On Saturday night, August 20th, I made my refereeing debut. Previously I was being used as a ringside manager, but the company was short a referee so I agreed to step in and give the reffing gig a go. Having been a fan for more years than I care to remember, and having the “dying to get in there and get involved” mentality, I agreed!
So what was my first refereeing gig like? It was actually pretty fun. True, I didn’t make it all the way to the end of the night (I got too hot) but I had a great time doing it.
Before the show I had a coaching session with referee/pro wrestler, Thomas, and he ran through some of the basics I’d need to know. I tried to soak up as much as I could in the short amount of time available because in about and hour and a half I was going to have to put it into practice. One of the things he told me was the integrity of the referee was of utmost importance. If a referee looks like a goon, why are the fans going to take anything they see seriously. Pro wrestling is presented as “sport” and a referee acting like an incompetent goon is going take away that sports element. So most importantly, the ref has to be like a true sporting official. Anything less will make the match a joke. Another thing he told me is that I should call things as I see them. And little did I know, I’d have to put this into practice in the first match.
Let me pull back the curtain a little. While professional wrestling is extremely athletic, there is a pre-determined aspect to it. When two wrestlers’, or “workers”, are having their match they are working together to put on a show. While most matches aren’t choreographed from beginning to end, certain points of the match are predetermined. You can kinda look at it like the match has bullet points. You go from point A to point B to point C, but the content between these points isn’t laid out in advance. While A, B and C are the structure of the match, the rest is improvised on the fly. True workers can feel the tide of the crowd and can draw them into the match. If a match were planned move for move, there’d be no room for the wrestlers to interact with the fans. Thus, more likely than not, the fans aren’t going to enjoy themselves.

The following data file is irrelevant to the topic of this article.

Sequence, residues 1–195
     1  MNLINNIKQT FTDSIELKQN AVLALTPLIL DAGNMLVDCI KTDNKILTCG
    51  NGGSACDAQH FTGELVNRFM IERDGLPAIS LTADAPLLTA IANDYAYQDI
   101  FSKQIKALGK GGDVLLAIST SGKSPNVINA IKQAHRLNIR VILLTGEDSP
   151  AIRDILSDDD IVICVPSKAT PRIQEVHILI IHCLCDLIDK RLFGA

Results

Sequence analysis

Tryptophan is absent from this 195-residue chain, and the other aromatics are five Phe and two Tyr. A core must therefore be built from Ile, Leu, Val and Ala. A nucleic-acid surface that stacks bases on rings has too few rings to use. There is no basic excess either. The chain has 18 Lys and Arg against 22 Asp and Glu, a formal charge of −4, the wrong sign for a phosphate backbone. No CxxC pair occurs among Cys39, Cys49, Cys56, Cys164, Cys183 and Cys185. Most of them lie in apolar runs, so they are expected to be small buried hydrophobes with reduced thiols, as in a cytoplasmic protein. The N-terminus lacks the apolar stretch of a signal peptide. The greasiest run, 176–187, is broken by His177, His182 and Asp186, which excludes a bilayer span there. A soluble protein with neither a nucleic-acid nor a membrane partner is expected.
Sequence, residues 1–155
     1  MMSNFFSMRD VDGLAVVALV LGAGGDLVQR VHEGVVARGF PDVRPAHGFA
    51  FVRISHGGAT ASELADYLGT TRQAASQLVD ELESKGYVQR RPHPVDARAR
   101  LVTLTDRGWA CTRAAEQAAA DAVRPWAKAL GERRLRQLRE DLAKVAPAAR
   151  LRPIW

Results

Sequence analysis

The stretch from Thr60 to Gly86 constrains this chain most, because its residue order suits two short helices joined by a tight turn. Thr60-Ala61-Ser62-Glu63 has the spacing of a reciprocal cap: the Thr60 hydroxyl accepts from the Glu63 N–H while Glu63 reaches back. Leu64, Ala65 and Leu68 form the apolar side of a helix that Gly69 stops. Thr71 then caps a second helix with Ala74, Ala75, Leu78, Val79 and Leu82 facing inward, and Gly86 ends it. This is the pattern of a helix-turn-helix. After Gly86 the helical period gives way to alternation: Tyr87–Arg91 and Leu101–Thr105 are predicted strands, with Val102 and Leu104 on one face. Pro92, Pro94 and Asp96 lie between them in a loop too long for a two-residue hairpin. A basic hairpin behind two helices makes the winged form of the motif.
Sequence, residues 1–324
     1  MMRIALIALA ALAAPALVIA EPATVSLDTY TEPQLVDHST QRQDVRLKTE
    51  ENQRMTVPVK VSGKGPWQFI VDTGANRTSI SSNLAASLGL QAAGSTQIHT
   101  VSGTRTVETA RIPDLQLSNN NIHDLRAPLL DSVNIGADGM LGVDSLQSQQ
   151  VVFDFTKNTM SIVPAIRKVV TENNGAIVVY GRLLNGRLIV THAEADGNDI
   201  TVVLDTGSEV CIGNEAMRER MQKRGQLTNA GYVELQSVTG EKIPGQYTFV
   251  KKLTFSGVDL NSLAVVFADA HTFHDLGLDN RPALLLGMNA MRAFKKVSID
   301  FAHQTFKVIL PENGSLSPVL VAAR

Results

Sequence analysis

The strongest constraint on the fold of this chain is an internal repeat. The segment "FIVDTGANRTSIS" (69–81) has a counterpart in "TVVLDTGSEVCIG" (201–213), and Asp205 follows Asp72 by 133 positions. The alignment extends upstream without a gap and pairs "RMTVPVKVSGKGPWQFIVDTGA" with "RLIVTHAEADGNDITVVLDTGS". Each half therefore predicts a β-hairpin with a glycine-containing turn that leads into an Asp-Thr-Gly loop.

So here was the first match of the night. You had The Puma, Steven and Aidan in a Triple Threat match with Rick, Aidan’s second, on the outside. In the backstage area, the finish of the match was discussed. Puma would get destroyed on the outside, leading to me, the referee, checking on him to see if he was okay. In my absence Rick would jump into the ring and turn on his charge, Aidan, by blasting him with a chair. Then the ring would clear, the ref would reenter the ring (with no knowledge of the heel chicanery) and then count the 1-2-3 on the betrayed and fallen Aidan. It was your standard “distract the referee and steal a victory” routine.
That was all fine and dandy, but it didn’t exactly pan out that way. The match (a fine one I might add) was going along swimmingly and it was time for the finish. Puma was thrown to the outside and was destroyed by being run into the ring post. The referee, me, bailed to the outside to check on the fallen wrestler. So far so good. We both heard the chair shot which meant it would soon be time for us to return to the ring for the finish. The problem was that the guys in the ring were taking their time getting out of the ring. First, Puma returned to the ring to try to get the outside interference cleared up. I waited a few moments to let everyone who wasn’t supposed to be in the ring leave. So after a few seconds (which seemed like an eternity) I turned around and saw that everyone was still in the ring along with the chair. The first thing that came to my mind was “Oh crap, what do I do now?” I slowly climbed up to the apron and pondered what I should do. The sporting official, me, had seen all the illegal misdoings and the natural reaction would be to stop the match. But what about the finish that the guys had put together, I wondered? Also, I’m a newbie referee, so my actions are under the microscope. I took a deep breath, and made the signal to the timekeeper to ring the bell. Due to the interference of Rick I’d called the match to a close. Yep, I’d changed a finish in my first match. But it had to be done…
I was pretty nervous to face the booker when I returned backstage. And the guys that were working the match too. But it turned out everything was okay. Nobody had a problem with what I had done. PHEW!
That my was initiation into the world of refereeing and I loved it.